Medicinal cannabis study into easing symptoms of children in palliative care: A pilot study will explore the use of medicinal cannabis to reduce symptoms in children and adolescents who are undergoing palliative care for non-cancerous conditions.
The study has received $75,000 from the latest round of the State Government’s Victorian Medical Research Acceleration Fund (VMRAF) announced by Medical Research Minister Jaala Pulford. Additional support has been provided by Victorian medicinal cannabis company Cannatrek.
The project, led by Murdoch Children’s Associate Professor Daryl Efron, will be the first in the world to investigate the feasibility and acceptability of a medicinal cannabis clinical trial into easing the symptoms of children undergoing palliative care for non-oncological conditions.
The study will involve 10 participants, aged six months to 21 years, who are receiving care in the Victorian Paediatric Palliative Care Program, and have symptoms that are affecting their quality of life. Recruitment for the trial will start later this year.
“The trial will evaluate the study design spanning recruitment strategy, medication tolerability, duration and outcomes to determine acceptability and feasibility for participating families and our research team,” Associate Professor Efron said. The data collected will then be used to design a full-scale multi-centre trial.”
Associate Professor Efron said paediatric patients undergoing palliative care experience a range of debilitating symptoms that have a significant impact on well-being and quality of life including pain, irritability, gastrointestinal symptoms, seizures, spasticity and dystonia.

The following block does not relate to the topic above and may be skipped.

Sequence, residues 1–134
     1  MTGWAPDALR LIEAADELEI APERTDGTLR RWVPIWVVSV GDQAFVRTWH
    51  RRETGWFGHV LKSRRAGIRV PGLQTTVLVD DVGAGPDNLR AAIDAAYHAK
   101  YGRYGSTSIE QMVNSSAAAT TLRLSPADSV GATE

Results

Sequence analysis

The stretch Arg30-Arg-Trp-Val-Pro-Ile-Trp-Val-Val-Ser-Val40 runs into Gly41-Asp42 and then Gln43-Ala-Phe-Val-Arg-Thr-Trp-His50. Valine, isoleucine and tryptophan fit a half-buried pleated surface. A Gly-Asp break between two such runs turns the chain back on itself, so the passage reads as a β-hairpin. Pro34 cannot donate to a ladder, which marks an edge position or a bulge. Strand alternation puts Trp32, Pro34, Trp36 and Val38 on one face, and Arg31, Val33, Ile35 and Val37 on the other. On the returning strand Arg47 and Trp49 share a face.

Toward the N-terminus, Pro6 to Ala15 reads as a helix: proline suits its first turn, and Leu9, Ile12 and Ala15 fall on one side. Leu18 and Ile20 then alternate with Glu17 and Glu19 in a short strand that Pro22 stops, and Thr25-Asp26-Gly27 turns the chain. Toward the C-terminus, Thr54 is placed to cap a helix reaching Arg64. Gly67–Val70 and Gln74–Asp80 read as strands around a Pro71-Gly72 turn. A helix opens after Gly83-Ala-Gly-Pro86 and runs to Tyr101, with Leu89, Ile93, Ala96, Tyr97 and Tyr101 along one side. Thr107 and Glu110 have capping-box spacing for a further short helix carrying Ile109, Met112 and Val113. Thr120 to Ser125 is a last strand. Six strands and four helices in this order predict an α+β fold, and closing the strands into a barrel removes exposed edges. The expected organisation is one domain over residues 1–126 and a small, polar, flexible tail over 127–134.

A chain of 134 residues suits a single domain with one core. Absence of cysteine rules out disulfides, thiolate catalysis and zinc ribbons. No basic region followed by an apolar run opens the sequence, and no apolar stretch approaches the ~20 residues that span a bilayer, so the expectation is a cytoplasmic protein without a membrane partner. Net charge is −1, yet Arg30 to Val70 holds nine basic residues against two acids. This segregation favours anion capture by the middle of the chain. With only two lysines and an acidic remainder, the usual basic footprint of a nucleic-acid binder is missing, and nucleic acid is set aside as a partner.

“These symptoms are difficult to control with currently prescribed medications, most of which cause significant side-effects,” he said.
“Medicinal cannabis is a new therapy with great hope, but there is little evidence from clinical trials, particularly in children. In our experience, parents are interested in obtaining medicinal cannabis for their child’s symptoms, but physicians are reluctant to prescribe it because of the lack of quality research. There is an urgent need for clinical trials to properly evaluate the role of medicinal cannabis for use in these highly vulnerable patients.”
About 70 per cent of patients managed by the Victorian paediatric palliative care service have non-oncological conditions, including severe cerebral palsy, metabolic and genetic conditions, neurodegenerative disorders and progressive cardiac disease.
“If medicinal cannabis is shown to be effective, it will represent an important treatment breakthrough for this patient group,” Associate Professor Efron said.
The study is part of an emerging program of research at the Murdoch Children’s into medicinal cannabis for children with an intellectual disability, Tourette Syndrome and other developmental conditions such as autism.
The trial is among 21 projects to receive a recent VMRAF grant, which supports both early-stage research and projects that are ready for commercialisation.
Minister Pulford said investing in local research keeps Melbourne among the best in the world for advancing medical breakthroughs.
“Future treatments and possible cures would not be possible unless we back the scientists and clinicians who work tirelessly to make an impact to the health of all Victorians,” she said.
For enquiries about the trial, email [email protected]
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